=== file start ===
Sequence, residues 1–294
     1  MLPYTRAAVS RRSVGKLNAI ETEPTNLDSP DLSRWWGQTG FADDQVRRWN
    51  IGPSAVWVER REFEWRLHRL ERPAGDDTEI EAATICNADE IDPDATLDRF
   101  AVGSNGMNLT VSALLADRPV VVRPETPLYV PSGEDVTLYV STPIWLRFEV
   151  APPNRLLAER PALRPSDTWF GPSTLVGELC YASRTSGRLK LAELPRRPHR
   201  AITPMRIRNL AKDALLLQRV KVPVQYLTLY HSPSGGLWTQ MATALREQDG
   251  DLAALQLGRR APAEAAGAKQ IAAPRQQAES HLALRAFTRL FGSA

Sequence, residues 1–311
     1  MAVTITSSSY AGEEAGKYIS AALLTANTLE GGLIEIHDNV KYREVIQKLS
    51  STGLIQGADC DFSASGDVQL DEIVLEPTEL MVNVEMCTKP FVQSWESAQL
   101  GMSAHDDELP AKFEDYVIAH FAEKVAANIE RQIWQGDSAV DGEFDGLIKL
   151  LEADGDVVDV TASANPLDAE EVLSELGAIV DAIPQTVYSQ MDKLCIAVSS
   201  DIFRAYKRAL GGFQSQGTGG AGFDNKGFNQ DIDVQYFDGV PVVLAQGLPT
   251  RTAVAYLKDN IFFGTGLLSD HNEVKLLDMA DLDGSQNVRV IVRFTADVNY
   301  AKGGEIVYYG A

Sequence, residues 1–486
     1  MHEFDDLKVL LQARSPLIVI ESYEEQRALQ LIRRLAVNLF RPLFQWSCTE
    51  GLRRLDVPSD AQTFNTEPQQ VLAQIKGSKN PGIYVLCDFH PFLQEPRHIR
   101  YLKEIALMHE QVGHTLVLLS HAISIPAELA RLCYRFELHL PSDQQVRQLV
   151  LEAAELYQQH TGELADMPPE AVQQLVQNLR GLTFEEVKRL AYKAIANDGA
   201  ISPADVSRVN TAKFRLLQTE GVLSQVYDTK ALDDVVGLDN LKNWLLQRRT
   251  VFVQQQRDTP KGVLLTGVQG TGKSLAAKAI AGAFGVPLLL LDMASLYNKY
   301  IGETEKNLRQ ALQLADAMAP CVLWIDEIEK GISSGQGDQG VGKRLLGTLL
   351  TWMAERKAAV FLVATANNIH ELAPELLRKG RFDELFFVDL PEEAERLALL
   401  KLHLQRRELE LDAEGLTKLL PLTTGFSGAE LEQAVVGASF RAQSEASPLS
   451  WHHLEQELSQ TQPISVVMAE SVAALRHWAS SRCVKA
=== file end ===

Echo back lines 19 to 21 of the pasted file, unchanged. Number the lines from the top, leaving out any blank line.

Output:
   101  YLKEIALMHE QVGHTLVLLS HAISIPAELA RLCYRFELHL PSDQQVRQLV
   151  LEAAELYQQH TGELADMPPE AVQQLVQNLR GLTFEEVKRL AYKAIANDGA
   201  ISPADVSRVN TAKFRLLQTE GVLSQVYDTK ALDDVVGLDN LKNWLLQRRT